what to cook and how to cook it
My mother never taught me how to cook – any more than her mother taught her. Luckily for most of my life it hasn’t mattered that I haven’t known how to cook. My friends, who I often cooked for, have always assumed I could cook quite well. My family, once I had one, did too. However I myself felt that I was winging it. I felt that I was making things up as I went along. Often I’d cook the same dishes, week in and out, mainly so as not to have to think too hard and also so that I could combine it with looking at facebook and making school lunches and keeping an eye on the washing.
Two months ago I bought a cookbook called ‘What To Cook And How To Cook It’ by Jane Hornby. The afternoon I bought it, a chunky Phaidon hardback, I returned home flushed with the certainty that it would cajole my family into cooking. The visual presentation was so appealing that I felt confident that if anything could overcome my family’s resistance to cooking it was this book.
But it didn’t catch on – since when was anyone cajoled into cooking? Instead the book sat lonely on the kitchen windowsill for a good month. When I reopened ‘What To Cook And How To Cook It’ I realised straightaway why I had bought it, and why it really was different from my other cookbooks. It was a cookbook for people, just like me, who had been winging it in the kitchen. For people who, for however long, had just assumed that they knew how to stir fry beef and make a chicken pie, even though they’d never been shown how to do it.
On the shelf in the pantry I have nine cookbooks, many of which explain step by step how to make a multitude of family dishes. Now and again I look at these books. However really I refer to them to confirm my hunches, or to adapt a recipe, and not to follow the writer’s instructions.
Because you see I am someone who doesn’t like to follow recipes, any more than I like being told what to do in general. I already know how to cook a perfectly good bolognese sauce, I’ll say to myself on flicking through a cookbook. Why on earth do I need to be told how? I’d never guess ingredients when baking, but I’ll hardly ever consult a cookbook when cooking the evening meal.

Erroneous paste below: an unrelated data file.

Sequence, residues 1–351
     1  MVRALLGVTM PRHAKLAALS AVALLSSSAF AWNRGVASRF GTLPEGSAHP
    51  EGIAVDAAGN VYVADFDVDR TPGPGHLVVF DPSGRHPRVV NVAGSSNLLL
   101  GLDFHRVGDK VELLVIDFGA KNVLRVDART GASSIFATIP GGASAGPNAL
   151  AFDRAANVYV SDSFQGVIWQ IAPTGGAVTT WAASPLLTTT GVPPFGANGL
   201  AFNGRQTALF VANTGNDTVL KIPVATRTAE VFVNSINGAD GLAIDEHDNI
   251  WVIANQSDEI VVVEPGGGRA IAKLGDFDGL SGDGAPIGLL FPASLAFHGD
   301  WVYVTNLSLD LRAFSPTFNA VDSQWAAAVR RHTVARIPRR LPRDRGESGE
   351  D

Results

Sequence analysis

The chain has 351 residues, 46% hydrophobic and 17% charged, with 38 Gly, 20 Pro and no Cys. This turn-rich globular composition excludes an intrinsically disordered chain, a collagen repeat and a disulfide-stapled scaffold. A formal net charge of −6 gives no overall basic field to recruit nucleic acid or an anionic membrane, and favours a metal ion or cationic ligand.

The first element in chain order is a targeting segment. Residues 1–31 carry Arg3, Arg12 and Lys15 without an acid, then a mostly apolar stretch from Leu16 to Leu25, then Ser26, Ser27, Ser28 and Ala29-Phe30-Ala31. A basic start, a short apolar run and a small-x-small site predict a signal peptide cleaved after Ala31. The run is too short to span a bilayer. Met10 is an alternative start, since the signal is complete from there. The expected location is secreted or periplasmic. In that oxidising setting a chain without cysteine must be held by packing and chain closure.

Until that is I opened ‘What To Cook And How To Cook It’ and spent time reading the photos. There is text as well, very clear text, but it’s the photos which are gripping. Alongside the standard list of ingredients, in order of their use in a dish, what I particularly like is the large photo of all the ingredients, with everything from two leeks, a rolling pin and a pinch of salt.
Using ‘What To Cook And How To Cook It’ has been as close to having my hand held in the kitchen as I’ve ever felt. With each dish Jane Hornby shows me how to cook it in a way I’ve secretly hoped I would one day be shown. It makes all the difference being shown what to do visually, rather than being told what to do via text. Step-by-step photos alongside easy-to-follow instructions has the effect of forcing me to slow down – changing my usual practice of throwing everything in the pan, leaving the kitchen for whatever reason, and hoping for the best.
Dish after dish that I cook from this book peels the scales from my eyes. Drop the grated parmesan into the food processor at the end of making pesto sauce, Jane Hornby suggests, before pulsing it lightly. Rather than, as was my old practice, plonking all the ingredients into the food processor and whizzing the sauce into a paste. Mix a paste of flour and water into casseroles at the end of cooking, she instructs, not earlier on in the piece. And make sure to leave a gap between the pie filling and the pastry so that the pastry can fluff up and not sink in the middle.
Having this cookbook on the windowsill in the kitchen is encouraging me to look forward to meals, rather than wishing them away. Above all it has done something magical. It has turned round my resentment at having no choice but to cook for my family into an opportunity to try something new. Not least dish after dish that I cook from this book gains me compliments. I’ve had compliments before, but not consistently like this. It probably helps that my son is about to go on a long voyage and my daughter is convalescing, both of which makes me feel that it’s worth cooking well.
And then the best thing of all happened. My daughter, who looks on cooking as an imposition akin to school homework, has twice suggested that she and I might cook something from ‘that book’. My daughter knows about my struggles in the kitchen. She knows all about it when I burn a pan dry. She knows that I cut corners when supper is late. She knows that sometimes I resent cooking for three near grown ups who could perfectly well cook for themselves. Knowing all this she has understandably held back from joining me at the chopping board. She’ll help when it suits her – she is a keen baker – but she won’t muck in. Who knows? Perhaps now, thanks to Jane Hornby, she will. And even if she doesn’t, just the fact that she would like to, that I’ve shown her that cooking doesn’t have to be a chore, is something to be glad of.